Study of the effects of annealing to the mechanical and structural properties of neutron irradiated tungsten materials with applications in fusion technology

High temperatures, as well as high fluxes of neutrons and other highly energetic particles during the operation of a magnetic confinement plasma device (Tokamak) make imperative the use of materials that are resistant to high temperatures and radiation. Tungsten is a candidate plasma facing material for the interior walls of a fusion reactor due to its high melting point, high thermal conductivity, low tritium retention and heat stress resistance. However, tungsten suffers from brittle behavior at low temperatures due to the relatively high ductile to brittle transition temperature, limiting its exploitation.

The objective of Dimitris Papadakis’ PhD is the study of the annealing effects of fission neutron irradiated tungsten materials.

Selected neutron irradiated tungsten materials will be annealed in the temperature range of 600 – 1500 C with the aim of studying the restoration of the properties of tungsten to the pre-irradiated state. Neutron irradiation causes damage in a material, resulting in the creation of defects. With the use of Positron Annihilation Lifetime Spectroscopy the type and percentage of open volume defects will be determined. Additionally, optical and electron microscopy (SEM), as well as X-ray diffraction (XRD) will be used to determine the changes in the structure of the materials during annealing and irradiation.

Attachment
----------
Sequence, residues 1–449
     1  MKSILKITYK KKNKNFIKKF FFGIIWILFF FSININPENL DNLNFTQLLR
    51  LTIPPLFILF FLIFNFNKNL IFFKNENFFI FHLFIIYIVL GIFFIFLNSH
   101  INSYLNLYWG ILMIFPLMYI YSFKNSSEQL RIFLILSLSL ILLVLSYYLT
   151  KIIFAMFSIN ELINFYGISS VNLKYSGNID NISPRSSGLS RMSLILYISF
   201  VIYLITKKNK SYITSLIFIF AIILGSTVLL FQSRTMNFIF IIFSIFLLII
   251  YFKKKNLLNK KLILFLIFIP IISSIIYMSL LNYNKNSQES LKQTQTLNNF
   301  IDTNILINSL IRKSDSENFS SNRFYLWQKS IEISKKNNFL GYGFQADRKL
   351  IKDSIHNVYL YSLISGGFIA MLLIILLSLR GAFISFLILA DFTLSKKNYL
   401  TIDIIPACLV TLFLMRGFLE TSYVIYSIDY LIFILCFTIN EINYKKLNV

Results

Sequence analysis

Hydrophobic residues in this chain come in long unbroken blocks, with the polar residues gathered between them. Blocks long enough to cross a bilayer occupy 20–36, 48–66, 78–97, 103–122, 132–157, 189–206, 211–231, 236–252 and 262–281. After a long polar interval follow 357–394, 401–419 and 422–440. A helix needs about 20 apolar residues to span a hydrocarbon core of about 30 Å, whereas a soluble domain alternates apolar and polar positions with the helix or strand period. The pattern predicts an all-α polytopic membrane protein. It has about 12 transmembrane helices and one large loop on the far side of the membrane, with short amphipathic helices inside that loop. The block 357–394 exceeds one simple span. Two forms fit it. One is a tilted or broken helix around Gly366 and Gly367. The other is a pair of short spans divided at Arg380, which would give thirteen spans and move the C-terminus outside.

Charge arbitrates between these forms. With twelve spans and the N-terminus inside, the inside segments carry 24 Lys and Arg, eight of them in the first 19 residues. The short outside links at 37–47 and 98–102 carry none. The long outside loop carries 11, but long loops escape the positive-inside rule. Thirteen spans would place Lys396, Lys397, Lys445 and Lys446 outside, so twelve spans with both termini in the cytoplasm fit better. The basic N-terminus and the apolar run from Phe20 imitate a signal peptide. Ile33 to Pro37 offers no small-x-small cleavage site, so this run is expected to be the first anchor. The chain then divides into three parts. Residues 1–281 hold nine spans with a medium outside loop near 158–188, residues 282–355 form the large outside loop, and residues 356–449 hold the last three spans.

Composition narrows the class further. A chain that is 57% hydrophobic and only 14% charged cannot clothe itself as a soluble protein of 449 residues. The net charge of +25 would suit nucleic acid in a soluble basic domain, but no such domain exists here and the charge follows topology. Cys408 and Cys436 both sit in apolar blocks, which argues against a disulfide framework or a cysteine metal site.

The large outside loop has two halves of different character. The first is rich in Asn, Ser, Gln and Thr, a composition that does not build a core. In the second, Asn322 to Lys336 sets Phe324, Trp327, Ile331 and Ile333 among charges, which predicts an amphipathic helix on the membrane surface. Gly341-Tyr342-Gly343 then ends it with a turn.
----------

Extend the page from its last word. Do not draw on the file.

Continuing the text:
Annealing at very high temperatures results in structural changes of the tungsten material through diffusion and the interaction of various defects in the crystalline lattice, or even through the mechanism of recrystallization. These structural changes lead into the change of the mechanical and electrical properties of the materials. Through various techniques of characterization of mechanical properties (Macro-Nano Indentation, Impulse Excitation) and electrical properties (DC Resistivity), structural changes will be correlated with changes in the physical properties of the material.

The PhD thesis will be defended at the Physics Department of UoA.

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